MW: I honestly don't know if I would be a songwriter if my dad wasn't a songwriter, you know? How do you get the idea and like the, the chutzpah to, to get out there and think that you could write songs and have people hear them or even want to play them? So I feel extremely lucky that I grew up with that example. And my dad, you know, isn't a professional songwriter. He's, he's a, a working dude, you know? Um, he was a pipe fitter and electrician when I was a kid, a union guy, and now he's in management and way less happy. But, uh, but yeah, he, he still writes songs, you know, and so that's really inspiring to me. And I just saw it as a lifestyle. It's like a thing anyone could do. And I really can't overstate what an impact that had on me to be able to do this.

BH: So if it breaks, you can fix it on the road, right? And that's where that comes from. It's that like yourself?

MW: Actually, ironically, my, my mother owns an autobody shop, so. Walker's Autobody. Um, and she, yeah, she does mostly fleet repair and buses. Um, and, and my aunt is the painter and my uncle was the body guy and yeah, it's a family business of literally fixing cars, so.

BH: That's tremendous. That is, uh, that's why we ask the probing questions. Jacob, what about yourself? How did you come to play music and writing music and thinking about yourself as a musician in that way?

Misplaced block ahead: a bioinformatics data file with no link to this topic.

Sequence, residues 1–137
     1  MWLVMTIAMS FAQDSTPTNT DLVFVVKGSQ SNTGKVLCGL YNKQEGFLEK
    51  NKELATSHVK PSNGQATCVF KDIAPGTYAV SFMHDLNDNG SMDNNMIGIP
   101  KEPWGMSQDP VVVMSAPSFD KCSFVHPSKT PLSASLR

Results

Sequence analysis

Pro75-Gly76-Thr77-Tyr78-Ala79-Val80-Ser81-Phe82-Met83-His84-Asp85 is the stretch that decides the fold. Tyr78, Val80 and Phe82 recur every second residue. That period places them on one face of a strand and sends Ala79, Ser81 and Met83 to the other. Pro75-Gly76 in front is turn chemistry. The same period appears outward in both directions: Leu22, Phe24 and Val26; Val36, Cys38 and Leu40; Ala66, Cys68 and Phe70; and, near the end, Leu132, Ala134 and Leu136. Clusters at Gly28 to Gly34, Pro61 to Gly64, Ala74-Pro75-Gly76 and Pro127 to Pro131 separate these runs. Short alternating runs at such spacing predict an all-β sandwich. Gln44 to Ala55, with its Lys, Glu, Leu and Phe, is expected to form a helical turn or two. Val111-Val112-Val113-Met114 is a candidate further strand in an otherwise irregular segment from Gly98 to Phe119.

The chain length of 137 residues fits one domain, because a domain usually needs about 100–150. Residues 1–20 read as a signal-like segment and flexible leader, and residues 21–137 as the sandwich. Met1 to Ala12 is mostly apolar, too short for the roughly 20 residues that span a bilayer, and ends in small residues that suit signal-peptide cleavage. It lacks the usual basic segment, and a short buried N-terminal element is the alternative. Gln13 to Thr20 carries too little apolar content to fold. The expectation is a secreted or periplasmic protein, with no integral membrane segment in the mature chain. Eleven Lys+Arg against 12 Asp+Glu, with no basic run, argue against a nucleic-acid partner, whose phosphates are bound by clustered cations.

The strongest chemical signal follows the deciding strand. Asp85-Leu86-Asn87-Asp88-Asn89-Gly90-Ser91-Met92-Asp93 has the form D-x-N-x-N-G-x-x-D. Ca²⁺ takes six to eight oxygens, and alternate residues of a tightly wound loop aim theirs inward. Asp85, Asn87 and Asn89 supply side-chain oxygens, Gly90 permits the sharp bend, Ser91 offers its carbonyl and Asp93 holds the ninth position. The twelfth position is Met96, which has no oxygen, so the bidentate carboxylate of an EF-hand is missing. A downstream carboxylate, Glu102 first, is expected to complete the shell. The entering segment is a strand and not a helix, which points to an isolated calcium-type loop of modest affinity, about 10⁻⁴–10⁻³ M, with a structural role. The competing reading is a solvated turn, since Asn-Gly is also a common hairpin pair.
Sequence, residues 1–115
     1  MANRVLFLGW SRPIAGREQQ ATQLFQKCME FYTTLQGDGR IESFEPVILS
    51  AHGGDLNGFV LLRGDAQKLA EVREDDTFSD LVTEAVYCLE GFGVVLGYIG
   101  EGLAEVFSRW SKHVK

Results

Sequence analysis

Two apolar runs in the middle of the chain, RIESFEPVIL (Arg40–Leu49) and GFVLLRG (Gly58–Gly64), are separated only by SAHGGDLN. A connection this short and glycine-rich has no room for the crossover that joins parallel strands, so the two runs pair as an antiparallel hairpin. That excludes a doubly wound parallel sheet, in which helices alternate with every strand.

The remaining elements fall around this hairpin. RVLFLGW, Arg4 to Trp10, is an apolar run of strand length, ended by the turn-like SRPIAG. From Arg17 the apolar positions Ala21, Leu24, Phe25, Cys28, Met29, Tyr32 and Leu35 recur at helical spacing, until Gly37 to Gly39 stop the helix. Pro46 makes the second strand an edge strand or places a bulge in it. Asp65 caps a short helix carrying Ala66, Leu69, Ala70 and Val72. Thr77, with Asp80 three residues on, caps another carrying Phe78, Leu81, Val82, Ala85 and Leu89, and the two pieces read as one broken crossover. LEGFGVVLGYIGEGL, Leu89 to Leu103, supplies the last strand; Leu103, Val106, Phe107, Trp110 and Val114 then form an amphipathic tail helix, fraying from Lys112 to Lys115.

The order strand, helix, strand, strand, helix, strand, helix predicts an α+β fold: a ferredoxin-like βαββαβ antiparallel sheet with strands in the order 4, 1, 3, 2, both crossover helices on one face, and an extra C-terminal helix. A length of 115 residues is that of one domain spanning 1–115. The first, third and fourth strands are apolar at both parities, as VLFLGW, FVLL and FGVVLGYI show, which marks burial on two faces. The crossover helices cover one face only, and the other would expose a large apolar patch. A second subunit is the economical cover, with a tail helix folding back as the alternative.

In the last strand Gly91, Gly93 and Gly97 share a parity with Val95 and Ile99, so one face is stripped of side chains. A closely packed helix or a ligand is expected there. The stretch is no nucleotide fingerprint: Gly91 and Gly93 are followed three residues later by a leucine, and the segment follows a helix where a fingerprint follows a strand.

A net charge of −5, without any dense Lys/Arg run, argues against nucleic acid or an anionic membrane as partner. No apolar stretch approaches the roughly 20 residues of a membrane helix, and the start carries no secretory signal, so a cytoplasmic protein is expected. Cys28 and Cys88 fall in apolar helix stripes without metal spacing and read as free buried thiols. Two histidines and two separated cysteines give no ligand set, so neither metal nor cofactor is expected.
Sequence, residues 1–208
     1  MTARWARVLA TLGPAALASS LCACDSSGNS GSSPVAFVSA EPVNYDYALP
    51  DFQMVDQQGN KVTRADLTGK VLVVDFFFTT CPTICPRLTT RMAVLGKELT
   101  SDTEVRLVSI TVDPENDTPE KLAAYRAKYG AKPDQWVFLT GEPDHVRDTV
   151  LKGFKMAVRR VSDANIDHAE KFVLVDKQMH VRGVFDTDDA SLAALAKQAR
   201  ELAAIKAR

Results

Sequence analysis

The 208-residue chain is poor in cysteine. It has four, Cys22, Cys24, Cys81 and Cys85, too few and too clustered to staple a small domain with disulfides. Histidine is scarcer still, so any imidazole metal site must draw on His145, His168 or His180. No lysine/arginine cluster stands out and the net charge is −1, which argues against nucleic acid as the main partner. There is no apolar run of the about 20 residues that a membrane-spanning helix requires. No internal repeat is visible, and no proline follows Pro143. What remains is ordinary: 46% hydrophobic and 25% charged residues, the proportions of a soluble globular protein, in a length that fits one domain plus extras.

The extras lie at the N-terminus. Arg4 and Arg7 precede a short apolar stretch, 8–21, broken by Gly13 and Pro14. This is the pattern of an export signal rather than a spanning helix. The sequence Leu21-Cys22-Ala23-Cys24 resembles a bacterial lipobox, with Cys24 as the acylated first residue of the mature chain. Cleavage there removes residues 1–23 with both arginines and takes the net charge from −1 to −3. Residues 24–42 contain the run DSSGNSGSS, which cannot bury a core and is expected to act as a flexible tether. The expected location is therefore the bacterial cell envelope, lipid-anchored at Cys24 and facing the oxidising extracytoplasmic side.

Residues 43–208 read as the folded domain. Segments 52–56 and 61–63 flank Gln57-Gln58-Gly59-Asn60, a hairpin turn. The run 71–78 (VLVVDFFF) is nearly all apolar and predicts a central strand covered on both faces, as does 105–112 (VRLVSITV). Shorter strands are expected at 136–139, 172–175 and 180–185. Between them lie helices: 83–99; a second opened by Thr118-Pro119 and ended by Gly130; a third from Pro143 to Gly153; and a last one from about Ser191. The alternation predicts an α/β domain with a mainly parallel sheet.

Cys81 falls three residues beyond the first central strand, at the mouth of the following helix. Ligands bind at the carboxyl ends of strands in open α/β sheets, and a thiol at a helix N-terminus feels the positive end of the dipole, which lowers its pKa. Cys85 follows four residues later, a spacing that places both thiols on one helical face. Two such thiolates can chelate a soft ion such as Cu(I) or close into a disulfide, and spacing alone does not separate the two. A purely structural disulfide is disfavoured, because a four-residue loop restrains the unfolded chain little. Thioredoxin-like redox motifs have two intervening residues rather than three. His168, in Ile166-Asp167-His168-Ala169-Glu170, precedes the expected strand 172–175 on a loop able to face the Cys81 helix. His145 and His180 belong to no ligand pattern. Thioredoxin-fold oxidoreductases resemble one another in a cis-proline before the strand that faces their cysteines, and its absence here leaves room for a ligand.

JG: Um, well, I think I started to play guitar because I thought it would be cool and then just really, really connected to classic rock, like, blues and jazz. But it was in college when I started getting really interested in American roots music, um, through bluegrass, through like Bill Monroe, actually through the Grateful Dead and seldom scene. And just went and took a deep dive into, like, where all of American music came from. Then when I moved to the Bay Area after college, I kind of split my time between rock and roll and world music, but, and bluegrass. Cause that that area is such a diverse music scene that I always liked to have to play all sorts of different styles of music. And I think this band allows for that as well. We kinda do probably too many different styles of music.

SAL: I think one of the cool things about being in this space is that we're at the convergence of a bunch of different modes of art. So we're having music in a space that's got visual art, culinary arts going on downstairs. There's a listening room with tons of music. There's a library. And as artists, I'm curious if, beyond the music, there are those touchstones, those visual artists, books, that are informing the work that, that you do here.